Earnestine & Hazel’s, a music club/burger joint/tourist destination in Memphis’ arts district, exudes so much grungy, funky, time-aged Rock and Roll realness it makes the old Southgate House seem like a Kenwood Mall chain store.
In a past business-life, when the place was a brothel, the small rooms off the upstairs hallway used to be bedrooms. Now, in his office there, club owner Russell George hands over to this visitor a black-and-white photo of what he calls “Memphis’ kings” — Elvis and B.B. King. In this place, as in many others in Memphis, the city’s estimable music roots are still alive.
Informed that I’m down from Cincinnati, he makes a request: “Send me some postcards from King Records.” And he talks about what a great label it was, in terms of Blues, hard Country and R&B/Soul. Told about the various start-stop efforts to preserve and display its legacy here, George says, “I sure hope you can do something.”
Coming from a Memphian, a resident of what is one of Rock and Roll’s most important cities, that means something. And this recent trip to Memphis and Mississippi showed just how much is being done elsewhere to create roots-music-oriented museums (and exhibits) that capitalize on a city’s or region’s heritage. And it ought to serve as an inspiration for efforts here. (There is a new exhibit at our National Underground Freedom Center, Music of Change, that includes a King section and is up through Sept. 22.)
I didn’t visit Graceland or Sun Studios this time, Memphis tourist attractions I’ve gone to before. But this was my first chance to see the nine-year-old Stax Museum of American Soul Music, run by a non-profit foundation.
Stax was to Memphis what Motown was to Detroit, a living presence whose recording acts were local celebrities as well as national stars.
It started in 1960 (as Satellite Records) in a then-vacant neighborhood movie theater and went on to become a giant of 1960s/early 1970s Soul music through acts like Booker T. and the MG’s and Otis Redding. A church took over the property and demolished it in 1989 for a never-built project.
Arriving at the Stax site today, you’d never know that the iconic headquarters had been destroyed. The new façade so evocatively recreates the old neon-lit movie-theater marquee that your first reaction is, “Hallelujah, they saved it!” They didn’t, but by building on the same spot — rather than putting the museum elsewhere — they furthered that illusion. Inside, besides engrossing exhibits, the museum also has recreated the recording studio where so many Stax hits were recorded.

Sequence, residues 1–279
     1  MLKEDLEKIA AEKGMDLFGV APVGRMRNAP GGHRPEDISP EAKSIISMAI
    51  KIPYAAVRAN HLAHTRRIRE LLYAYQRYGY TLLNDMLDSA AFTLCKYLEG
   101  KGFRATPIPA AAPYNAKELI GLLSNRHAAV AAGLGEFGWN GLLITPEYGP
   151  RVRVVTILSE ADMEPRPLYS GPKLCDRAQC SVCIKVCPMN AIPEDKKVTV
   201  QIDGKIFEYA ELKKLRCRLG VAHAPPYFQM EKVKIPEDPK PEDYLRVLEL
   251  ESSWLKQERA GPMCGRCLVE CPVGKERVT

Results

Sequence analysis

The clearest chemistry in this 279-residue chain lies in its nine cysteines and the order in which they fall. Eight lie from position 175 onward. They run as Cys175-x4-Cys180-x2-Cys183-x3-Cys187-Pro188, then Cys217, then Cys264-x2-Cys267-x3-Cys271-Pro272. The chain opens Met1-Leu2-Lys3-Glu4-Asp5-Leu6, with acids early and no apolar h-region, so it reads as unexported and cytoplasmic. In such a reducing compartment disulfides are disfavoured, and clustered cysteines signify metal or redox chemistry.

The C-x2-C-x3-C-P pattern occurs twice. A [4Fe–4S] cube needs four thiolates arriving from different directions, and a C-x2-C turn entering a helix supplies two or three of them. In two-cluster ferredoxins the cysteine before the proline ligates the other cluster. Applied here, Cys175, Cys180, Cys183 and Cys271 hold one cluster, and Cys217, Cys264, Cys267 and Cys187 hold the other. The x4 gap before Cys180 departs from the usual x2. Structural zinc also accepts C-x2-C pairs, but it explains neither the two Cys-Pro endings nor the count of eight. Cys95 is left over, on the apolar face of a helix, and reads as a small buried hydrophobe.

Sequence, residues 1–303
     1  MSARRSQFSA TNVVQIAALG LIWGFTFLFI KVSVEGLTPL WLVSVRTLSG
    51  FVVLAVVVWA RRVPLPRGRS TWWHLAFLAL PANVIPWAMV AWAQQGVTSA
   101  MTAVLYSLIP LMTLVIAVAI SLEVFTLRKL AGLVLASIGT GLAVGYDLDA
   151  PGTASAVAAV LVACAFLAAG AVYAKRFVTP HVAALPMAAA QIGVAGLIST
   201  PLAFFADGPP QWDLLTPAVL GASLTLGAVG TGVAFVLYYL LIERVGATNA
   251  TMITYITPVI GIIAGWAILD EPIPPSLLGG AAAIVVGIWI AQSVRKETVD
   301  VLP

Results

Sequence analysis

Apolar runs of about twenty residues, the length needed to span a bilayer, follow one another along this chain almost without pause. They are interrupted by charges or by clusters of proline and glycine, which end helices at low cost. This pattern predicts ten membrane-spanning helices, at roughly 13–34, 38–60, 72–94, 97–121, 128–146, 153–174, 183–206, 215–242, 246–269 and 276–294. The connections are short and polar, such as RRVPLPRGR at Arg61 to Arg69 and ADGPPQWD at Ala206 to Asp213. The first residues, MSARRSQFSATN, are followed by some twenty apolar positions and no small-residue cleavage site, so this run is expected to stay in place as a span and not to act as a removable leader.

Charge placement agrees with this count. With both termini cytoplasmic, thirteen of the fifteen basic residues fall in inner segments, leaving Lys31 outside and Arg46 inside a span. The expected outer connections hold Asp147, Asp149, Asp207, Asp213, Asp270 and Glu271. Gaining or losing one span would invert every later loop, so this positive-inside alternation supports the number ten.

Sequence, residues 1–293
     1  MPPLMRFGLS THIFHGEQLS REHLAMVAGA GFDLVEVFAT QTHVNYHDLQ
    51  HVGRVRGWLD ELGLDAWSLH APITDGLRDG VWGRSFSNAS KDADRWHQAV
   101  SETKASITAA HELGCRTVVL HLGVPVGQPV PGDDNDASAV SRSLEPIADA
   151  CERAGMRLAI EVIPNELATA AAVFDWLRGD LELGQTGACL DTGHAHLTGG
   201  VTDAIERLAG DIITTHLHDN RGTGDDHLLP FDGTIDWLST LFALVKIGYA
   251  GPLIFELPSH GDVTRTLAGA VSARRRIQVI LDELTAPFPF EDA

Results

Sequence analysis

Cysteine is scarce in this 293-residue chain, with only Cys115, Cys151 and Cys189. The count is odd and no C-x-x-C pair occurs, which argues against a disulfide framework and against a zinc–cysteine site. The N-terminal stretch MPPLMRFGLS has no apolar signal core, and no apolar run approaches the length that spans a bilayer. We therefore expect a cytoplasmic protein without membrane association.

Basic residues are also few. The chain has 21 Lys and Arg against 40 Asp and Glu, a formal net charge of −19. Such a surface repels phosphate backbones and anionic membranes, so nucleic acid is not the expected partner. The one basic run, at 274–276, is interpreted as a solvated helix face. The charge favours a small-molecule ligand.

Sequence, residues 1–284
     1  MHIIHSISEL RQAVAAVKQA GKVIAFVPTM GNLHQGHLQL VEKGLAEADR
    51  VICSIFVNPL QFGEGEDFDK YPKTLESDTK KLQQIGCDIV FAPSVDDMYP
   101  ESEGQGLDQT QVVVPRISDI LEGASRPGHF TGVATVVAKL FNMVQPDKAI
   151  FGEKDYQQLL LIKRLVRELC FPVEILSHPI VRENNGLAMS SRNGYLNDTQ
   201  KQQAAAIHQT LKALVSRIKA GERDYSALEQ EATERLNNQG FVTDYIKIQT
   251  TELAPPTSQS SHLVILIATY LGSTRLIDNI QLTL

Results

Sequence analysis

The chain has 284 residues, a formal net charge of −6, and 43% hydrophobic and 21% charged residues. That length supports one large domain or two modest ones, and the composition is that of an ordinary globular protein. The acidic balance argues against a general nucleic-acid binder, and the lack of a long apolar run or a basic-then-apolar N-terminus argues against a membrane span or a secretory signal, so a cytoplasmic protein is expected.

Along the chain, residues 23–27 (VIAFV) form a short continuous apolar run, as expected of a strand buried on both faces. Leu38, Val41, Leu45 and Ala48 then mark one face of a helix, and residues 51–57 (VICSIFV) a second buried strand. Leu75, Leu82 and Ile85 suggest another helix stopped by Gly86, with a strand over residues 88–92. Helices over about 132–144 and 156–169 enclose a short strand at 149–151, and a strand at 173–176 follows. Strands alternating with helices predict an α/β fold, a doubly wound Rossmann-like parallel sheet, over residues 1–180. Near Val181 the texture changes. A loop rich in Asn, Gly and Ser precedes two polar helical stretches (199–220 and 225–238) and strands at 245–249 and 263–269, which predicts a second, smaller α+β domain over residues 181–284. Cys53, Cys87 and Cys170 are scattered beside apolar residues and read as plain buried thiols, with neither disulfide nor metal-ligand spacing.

Memphis also has the Rock ‘N Soul Museum that, despite its uninteresting location in the FedExForum by Beale Street, had amazingly interesting, well-thought-out displays, thanks to the museum’s partnership with the Smithsonian Institution. It’s excellent, but I think of Stax first because of its roots connection.
In Mississippi, home of so much Blues, seemingly every town that could do so has some kind of music-oriented museum exhibit. I also found tourists on pilgrimages to see them, especially in the Delta, the area of northwest Mississippi where the acoustic blues originated.
In Clarksdale, a small, old city trying very hard to renew itself, this was especially notable — I met someone from Brazil on the sidewalk. In its 33-year-old Delta Blues Museum, housed in an old railroad freight depot, the most important installation is the preserved, relocated cabin where Muddy Waters lived as a sharecropper in 1941 when musicologist Alan Lomax recorded him on the porch, one of American music’s great discoveries.
In Indianola, a struggling town seeking revival through blues tourism, the four-year-old B.B. King Museum and Delta Interpretive Center is an inspiration. Its front room is the saved and restored 1920s brick cotton gin building where a young King worked before establishing a career in music in Memphis. The rest is a lovely new construction.
Cincinnati’s King Records has an important enough history to merit a museum, especially since the original building is still standing at 1540 Brewster Ave. in Evanston. While it would take a lot of work to restore that site, it’s essential to save it. The most active supporters of a King Museum want a location in Evanston’s business district as an economic development tool. Maybe there’s a way to also do that, but to not restore the actual King building for visiting is throwing away our physical connection to its legacy. And that’s what music tourists crave.
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